The issuance, by the Beijing authorities, of the first-ever air pollution ‘red alert’ on 7 December 2015 has brought into sharp focus one of the central topics facing the government: how to attain a sustainable economic growth model that avoids causing further environmental degradation.
Prompted by record levels of small-particulate toxic air pollution, the red alert closed schools and some factories, halted construction work and enforced traffic limits. For once, the story of environmental pollution in China grabbed bigger headlines than those about the slowdown of China’s GDP growth rate. Yet those two issues, economic growth and the environment, are inextricably linked.
China’s growth-at-all-costs strategy has resulted in pollution reaching such a point that China’s environment minister, speaking at a meeting concerning the 13th Five Year Plan that is due for approval in March this year, argued that China’s current growth model must be discarded, as it has reached its limit.
So why has the environment has become such a hot topic in China? Air pollution in China is around 10 times the level recommended by the World Health Organisation. It has become an unavoidable problem that affects everybody, regardless of their income level or party connections. Air in China is the most polluted in the world in terms of particulate matter, and smog is so severe that it sometimes reduces visibility to less than 50 metres.
And the problem doesn’t just affect Beijing and North Eastern China; other densely populated areas like Shanghai and Guangzhou are also often smog-bound. Air pollution affects humans by causing conditions ranging from headaches and irritation of the eyes, nose and throat, to lung cancer, liver problems and cardiovascular diseases. It caused up to 500 000 premature deaths in 2012 – that’s around the total population of France’s second-biggest city, Lyon, for example – with economic repercussions in the range of USD 100 billion to USD 300 billion a year.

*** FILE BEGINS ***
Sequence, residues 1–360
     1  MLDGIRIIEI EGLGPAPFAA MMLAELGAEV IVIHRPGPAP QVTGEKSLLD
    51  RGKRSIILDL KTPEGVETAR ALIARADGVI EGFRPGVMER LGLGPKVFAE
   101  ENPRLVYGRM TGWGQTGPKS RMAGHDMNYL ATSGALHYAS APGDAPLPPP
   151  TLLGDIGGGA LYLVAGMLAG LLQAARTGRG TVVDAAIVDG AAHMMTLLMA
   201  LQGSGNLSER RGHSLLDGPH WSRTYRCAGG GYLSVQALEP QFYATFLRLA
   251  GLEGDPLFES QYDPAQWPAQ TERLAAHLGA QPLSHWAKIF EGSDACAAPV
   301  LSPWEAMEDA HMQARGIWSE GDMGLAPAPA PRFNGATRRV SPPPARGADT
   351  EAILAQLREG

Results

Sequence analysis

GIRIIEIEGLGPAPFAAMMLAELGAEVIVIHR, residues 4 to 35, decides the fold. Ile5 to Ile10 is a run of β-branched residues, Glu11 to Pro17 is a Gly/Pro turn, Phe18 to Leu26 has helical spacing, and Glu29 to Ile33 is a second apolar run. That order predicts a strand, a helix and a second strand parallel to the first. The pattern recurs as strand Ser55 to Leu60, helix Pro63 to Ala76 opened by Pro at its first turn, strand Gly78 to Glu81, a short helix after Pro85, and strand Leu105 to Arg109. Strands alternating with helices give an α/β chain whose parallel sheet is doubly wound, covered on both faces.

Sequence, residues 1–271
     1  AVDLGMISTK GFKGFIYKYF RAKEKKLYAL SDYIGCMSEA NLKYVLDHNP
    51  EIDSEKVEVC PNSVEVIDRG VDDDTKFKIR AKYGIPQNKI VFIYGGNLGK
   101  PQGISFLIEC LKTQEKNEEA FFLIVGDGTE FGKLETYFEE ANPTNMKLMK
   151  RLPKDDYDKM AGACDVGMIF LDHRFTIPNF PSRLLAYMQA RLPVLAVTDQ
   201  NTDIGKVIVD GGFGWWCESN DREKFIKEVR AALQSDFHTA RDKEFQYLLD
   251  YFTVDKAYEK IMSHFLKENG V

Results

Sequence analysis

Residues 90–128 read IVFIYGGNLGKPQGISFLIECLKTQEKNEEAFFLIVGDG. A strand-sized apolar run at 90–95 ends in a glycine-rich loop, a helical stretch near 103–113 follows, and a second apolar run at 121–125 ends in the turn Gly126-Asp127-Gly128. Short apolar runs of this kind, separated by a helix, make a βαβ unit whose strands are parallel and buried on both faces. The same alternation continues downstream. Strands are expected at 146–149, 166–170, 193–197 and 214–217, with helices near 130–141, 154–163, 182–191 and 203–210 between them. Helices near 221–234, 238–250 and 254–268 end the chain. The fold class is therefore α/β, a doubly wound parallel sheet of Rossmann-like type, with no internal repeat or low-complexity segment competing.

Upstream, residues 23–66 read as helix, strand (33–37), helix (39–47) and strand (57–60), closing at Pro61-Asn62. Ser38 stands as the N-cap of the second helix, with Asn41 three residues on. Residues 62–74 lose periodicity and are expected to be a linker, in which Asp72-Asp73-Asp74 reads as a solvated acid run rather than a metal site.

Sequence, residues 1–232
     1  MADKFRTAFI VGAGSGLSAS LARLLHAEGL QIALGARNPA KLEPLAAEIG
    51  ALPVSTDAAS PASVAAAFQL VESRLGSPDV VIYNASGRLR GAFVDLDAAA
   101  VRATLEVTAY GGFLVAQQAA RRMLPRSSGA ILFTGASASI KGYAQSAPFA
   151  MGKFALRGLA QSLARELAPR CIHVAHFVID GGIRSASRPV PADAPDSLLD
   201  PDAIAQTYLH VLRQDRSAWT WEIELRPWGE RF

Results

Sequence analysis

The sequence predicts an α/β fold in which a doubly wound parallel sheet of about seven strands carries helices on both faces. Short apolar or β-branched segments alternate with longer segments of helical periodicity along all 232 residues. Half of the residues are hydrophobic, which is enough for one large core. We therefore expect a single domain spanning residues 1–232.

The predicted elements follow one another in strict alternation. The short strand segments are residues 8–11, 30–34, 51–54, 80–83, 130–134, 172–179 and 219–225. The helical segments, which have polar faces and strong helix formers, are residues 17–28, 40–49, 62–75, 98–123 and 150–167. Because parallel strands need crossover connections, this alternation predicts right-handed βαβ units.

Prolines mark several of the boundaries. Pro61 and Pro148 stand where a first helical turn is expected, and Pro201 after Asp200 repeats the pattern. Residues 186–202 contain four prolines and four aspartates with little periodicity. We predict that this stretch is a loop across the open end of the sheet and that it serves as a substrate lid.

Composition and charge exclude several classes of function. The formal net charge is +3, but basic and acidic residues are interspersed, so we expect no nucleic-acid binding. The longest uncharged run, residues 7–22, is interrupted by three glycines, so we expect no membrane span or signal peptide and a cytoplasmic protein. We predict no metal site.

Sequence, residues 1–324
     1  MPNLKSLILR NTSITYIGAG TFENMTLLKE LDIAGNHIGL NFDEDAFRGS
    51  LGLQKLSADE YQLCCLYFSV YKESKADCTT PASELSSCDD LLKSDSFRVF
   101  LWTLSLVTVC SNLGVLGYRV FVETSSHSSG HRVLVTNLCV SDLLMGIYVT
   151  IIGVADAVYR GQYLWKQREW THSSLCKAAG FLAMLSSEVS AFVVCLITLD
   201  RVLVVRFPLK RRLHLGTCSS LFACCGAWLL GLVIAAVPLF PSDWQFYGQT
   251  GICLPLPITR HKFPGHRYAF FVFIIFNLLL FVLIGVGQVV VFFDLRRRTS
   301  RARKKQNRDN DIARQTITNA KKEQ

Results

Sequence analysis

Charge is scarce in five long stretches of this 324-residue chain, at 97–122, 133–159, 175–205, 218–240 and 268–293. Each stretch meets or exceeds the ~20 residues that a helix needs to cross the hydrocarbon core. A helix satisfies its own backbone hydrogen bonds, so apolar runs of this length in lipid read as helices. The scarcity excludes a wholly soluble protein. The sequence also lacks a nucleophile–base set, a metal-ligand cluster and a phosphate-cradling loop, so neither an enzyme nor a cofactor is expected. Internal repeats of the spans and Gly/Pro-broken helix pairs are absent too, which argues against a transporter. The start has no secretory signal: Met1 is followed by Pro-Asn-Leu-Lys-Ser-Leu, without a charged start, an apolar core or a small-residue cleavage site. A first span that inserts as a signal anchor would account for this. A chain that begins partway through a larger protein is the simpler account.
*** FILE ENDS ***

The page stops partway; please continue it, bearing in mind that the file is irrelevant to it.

Last month’s red alert on air pollution makes it perhaps too easy to forget that China is also struggling with another type of pollution that, despite making fewer headlines, is arguably just as worrying and harmful: soil pollution.
A recent study by the non-profit Changsha Shuguang Environmental Charity Development Center found that farmland in Hunan province – one of China’s biggest rice-producing regions – contains 200 times the government’s own declared ‘safe levels’ of heavy metals such as cadmium or lead. The problem is that Hunan province is also a major heavy metals industrial area, producing 2.6 million tonnes of non-ferrous metals in 2011. This has resulted in nearly 1 000 sludge sites containing 440 million tonnes of solid waste contaminated with poisonous heavy metals. People who eat food processed from these plants grown in these areas are prone to develop serious medical conditions, including organ damage and weakened bones, and have their livelihoods ruined and food security threatened.
Given such circumstances, expectations for the 13th Five Year Plan are high. It may include the introduction of carbon taxes, new targets for renewable energy and caps on carbon consumption. China has already increased its annual target for solar installations. Current targets for reducing air pollution require five times more investment than the plan laid out for 2011-2015, with industrial clean-up accounting for 48% of the new money needed. So we may see increased investment objectives in these areas. And as the Chinese government comes to see soil pollution as a food security issue, we would also expect new investment in the areas of soil clean-up and restoration.
While it is unlikely that China will change its growth model entirely, we do not see the current economic slowdown affecting investment in environmentally-related sectors. On the contrary, any forthcoming stimulus is likely to be targeted towards investment in cleaner energy, transportation and industrial practices as the government lays out new, tougher targets and the focus on enforcement sharpens.